Pet Network set to get Hurricane Katrina animal evacuees
INCLINE VILLAGE – Pet Network is standing “at the ready” to receive animals orphaned by Hurricane Katrina as soon as next week.
Officials from the Incline Village nonprofit have already volunteered their services with the Houston SPCA.
“Right now we’re preparing and waiting for the word about what we need to do and how to jump in,” Pet Network Executive Director Steve Ricker said. “Whatever we can do to help.”
Alice Sarmiento, Houston SPCA’s Director of Development and Community Outreach, said the shelter currently has received a “trickling in” of 900 animals.
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The shelter is busy trying to re-unite this first wave of homeless animals with their owners.
An additional 1,500 to 2,000 animals will arrive at the shelter this week.
“We’re just bracing for the flood of animals – pardon the pun,” Sarmiento said. “Once we establish a holding time for them to be claimed by owners, we’ll start contacting agencies on the West Coast and elsewhere for their help.”
Houston SPCA’s holding time for animals before they are cleared to be adopted or shipped elsewhere will be between five to seven days, Sarmiento said.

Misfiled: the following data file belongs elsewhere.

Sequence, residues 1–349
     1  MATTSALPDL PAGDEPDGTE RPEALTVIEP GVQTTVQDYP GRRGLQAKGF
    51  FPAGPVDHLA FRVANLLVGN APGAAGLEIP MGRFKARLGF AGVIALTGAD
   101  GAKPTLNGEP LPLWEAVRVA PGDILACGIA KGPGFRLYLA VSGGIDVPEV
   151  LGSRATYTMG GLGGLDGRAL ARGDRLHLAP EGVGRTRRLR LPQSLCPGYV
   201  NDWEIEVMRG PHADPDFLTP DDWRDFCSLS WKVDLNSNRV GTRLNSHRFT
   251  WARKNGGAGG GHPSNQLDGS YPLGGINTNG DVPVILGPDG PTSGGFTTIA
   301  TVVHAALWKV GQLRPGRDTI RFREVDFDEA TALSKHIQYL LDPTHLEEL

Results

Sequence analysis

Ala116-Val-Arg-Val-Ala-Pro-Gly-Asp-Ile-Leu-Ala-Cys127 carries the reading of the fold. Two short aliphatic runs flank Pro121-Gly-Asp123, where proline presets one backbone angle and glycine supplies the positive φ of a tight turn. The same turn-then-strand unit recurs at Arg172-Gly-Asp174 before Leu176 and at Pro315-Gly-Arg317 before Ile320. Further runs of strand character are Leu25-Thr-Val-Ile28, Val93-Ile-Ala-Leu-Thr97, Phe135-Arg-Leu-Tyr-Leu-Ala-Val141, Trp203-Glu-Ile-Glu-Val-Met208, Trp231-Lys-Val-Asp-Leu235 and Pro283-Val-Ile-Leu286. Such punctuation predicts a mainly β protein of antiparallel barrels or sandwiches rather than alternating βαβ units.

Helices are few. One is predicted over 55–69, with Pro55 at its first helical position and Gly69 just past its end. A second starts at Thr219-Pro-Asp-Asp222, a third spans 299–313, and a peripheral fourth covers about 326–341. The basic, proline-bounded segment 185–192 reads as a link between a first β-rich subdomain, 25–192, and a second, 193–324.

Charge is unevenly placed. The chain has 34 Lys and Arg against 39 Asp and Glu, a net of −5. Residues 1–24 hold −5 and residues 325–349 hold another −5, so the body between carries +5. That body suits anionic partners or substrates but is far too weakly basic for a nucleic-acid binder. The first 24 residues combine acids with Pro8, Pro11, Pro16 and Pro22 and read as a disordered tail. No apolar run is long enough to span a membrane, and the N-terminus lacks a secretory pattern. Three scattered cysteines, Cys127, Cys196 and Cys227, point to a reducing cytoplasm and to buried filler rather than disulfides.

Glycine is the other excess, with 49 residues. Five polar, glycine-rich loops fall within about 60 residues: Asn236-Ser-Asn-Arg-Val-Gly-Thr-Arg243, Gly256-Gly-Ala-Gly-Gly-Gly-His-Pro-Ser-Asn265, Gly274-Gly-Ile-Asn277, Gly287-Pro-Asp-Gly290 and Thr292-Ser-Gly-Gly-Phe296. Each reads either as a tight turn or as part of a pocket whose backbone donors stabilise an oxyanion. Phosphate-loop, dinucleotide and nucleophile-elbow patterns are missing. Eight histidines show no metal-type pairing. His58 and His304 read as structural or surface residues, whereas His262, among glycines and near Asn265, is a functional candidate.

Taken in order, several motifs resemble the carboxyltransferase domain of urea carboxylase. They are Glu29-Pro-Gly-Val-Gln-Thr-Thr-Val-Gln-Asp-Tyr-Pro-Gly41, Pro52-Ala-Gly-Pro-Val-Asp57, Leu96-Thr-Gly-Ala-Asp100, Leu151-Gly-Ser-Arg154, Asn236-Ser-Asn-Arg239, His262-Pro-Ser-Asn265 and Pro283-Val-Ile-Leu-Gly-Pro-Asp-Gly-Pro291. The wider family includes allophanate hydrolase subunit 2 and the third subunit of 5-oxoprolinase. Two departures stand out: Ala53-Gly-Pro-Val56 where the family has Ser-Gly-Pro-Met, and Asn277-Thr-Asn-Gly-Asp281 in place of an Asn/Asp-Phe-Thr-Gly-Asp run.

“We’ve been working with our adoption partners in the area to make room at our facility and they’ve been awesome with that,” Sarmiento said. “But starting next week we’re going to rely a lot on partners from throughout the country.”
Ricker said Pet Network has already secured the services of at least one local veterinarian to examine the animals.
At the same time, emergency space is being cleared at the facility, local volunteers are arranging to act as temporary homes for the animals and pilots from the area are encouraged to volunteer their services for possible extrication of the animals from Houston.
“We’re getting ready to mobilize on this, but it’s going to take plenty of extra involvement from the community,” Ricker said.
With estimates that there are between 20,000 and 50,000 stray or orphaned animals in the Gulf Coast region, Ricker said he understands getting animals out here may be a long process, especially since the focus is reuniting as many pets as possible.
“It hits home on all fronts,” he said. “Oftentimes during a disaster people will not leave their homes because of their pets. Now, in the wake of the storm, all some people might have left is their animals. In some cases, that may be all the family that’s left.”
While volunteering services, Pet Network is also starting a partnership program with Animal Rescue Team in Northern Nevada. The program, which runs through Washoe County Sheriff’s Department in Reno, allows trained participants access to animals in rescue or emergency situations.
“We want to have people trained in case of an event here,” Ricker said. “We’re hoping to become part of that team in the coming months.”
For now though, the focus is on helping the animals left homeless by Katrina find homes.
“If needed we’ll try to take up to 50 animals,” Ricker said. “It may not sound like a lot but anything we can do at this point to help.”
How to help
— Houston SPCA officials encouraged local residents to make a financial donation at http://www.houstonspca.org.
— Contact Pet network at (775) 832-4404 or visit www.
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